M.S. Marine Biology
Charles G. Messing
Amy C. Hirons
Artificial reefs (ARs) are generally created with the intention of increasing local fish populations, biodiversity and corresponding habitat productivity, most often in support of commercial and recreational uses (e.g., diving and fishing). Numerous studies have investigated the communities that develop on artificial reefs. By contrast, far less research has focused on the surrounding infaunal communities, which represent critical trophic resources for many species that populate both natural and artificial reefs, and which may be affected both by AR deployment and the organisms that subsequently recruit to them. This study compared infaunal organism abundances at four sites between the inner and middle reefs off Broward County, Florida, before deployment of a series of Florida Department of Transportation (FDOT) AR boulders in 2009 (pre-construction) and four years later in 2013 (post-construction). Samples consisted of sediment collected in hand-held core tubes taken on open sediment adjacent to the proposed ARs and along transects at distances 3 m and 7 m from the ARs post-construction. Sample depths ranged from 12.1 to 14.6 m. Analyses were carried out on organisms retained on a >0.5 mm sieve and identified to the lowest practical taxonomic level. Data consisted of abundances rather than densities, because pre-construction samples did not record sediment volume per core. A total of 163 taxa were identified, of which only 50 were identified to genus and 64 to species. Polychaete families Spionidae, Sabellidae, Syllidae, and Hesionidae, and sipunculan superfamily Phascolosomatidea dominated pre-construction samples. Polychaetes also dominated post-construction samples, with high relative abundances of Sabellidae and Hesionidae, but with increased proportions of bivalves and amphipods. Statistical analyses (PRIMER, PERMANOVA, and SIMPER) determined whether infaunal composition, richness and, diversity differed among samples by year, site and distance from AR boulders. A slight but statistically insignificant difference in species diversity appeared between 3- and 7-m distances between years. However, composition, richness, and diversity of infauna did not differ either between pre-and post-construction samples or by sample distance from the adjacent AR boulders. The increase in homogeneity among samples post-construction may reflect recovery following the disturbance created by AR deployment, or a response to different benthic conditions generated by AR deployment. As other studies have suggested that AR fauna may influence surrounding infaunal communities to distances greater than 7 m, and that conditions may not stabilize around ARs for up to ten years following deployment, additional sampling is recommended to determine the longer-term effects of the FDOT ARs on infauna and benthic habitat (e.g., sediment composition, water movement) and assist in determining best practices for future AR deployments (e.g., composition, structure, location).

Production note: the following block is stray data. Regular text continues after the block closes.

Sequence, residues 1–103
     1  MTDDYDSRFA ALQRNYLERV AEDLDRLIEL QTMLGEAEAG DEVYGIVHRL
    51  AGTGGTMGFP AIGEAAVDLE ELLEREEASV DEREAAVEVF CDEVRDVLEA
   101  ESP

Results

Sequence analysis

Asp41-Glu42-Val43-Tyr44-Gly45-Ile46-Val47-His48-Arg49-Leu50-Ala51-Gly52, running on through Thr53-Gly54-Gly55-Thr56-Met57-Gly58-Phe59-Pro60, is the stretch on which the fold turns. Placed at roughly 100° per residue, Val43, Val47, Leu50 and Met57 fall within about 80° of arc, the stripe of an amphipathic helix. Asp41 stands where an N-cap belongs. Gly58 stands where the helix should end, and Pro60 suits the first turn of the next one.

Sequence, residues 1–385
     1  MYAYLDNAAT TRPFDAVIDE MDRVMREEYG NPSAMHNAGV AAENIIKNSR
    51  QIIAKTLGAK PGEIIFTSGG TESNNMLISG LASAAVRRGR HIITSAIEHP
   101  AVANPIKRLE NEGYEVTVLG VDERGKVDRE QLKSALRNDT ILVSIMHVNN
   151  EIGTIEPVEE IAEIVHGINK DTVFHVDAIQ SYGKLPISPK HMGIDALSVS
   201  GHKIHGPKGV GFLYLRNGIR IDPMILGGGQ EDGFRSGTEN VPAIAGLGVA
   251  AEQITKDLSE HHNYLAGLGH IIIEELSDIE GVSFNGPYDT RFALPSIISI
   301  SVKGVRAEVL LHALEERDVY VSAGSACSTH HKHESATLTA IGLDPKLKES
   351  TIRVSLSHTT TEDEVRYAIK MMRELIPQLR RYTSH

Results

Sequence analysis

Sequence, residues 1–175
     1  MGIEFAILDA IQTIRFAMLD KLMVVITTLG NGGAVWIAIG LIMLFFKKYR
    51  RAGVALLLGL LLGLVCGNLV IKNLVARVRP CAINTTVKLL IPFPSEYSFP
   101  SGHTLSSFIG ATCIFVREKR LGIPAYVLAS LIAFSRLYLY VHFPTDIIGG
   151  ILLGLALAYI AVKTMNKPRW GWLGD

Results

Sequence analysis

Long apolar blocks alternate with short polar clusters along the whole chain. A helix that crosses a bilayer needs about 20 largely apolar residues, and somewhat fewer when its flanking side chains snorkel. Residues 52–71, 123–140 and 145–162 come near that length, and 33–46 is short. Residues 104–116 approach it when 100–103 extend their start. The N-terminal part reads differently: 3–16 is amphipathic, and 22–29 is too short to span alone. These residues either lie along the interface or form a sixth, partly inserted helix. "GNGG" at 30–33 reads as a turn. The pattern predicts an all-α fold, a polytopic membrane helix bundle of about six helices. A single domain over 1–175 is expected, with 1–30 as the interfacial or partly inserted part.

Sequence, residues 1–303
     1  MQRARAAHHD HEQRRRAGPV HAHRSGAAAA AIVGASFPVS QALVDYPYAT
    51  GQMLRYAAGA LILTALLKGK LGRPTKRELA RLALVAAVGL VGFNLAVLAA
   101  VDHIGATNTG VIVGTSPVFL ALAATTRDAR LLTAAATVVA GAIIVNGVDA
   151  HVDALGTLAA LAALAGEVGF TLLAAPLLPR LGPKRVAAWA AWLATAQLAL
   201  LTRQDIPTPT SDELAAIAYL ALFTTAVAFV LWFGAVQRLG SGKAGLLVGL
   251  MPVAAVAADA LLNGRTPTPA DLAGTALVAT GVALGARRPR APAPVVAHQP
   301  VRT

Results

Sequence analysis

Joan Lorraine Guerra. 2015. A Comparison of Infaunal Community Structure Between Pre- and Post Construction Sampling of Artificial FDOT Rock- Pile Reefs in Broward County, Florida. Master's thesis. Nova Southeastern University. Retrieved from NSUWorks, . (399)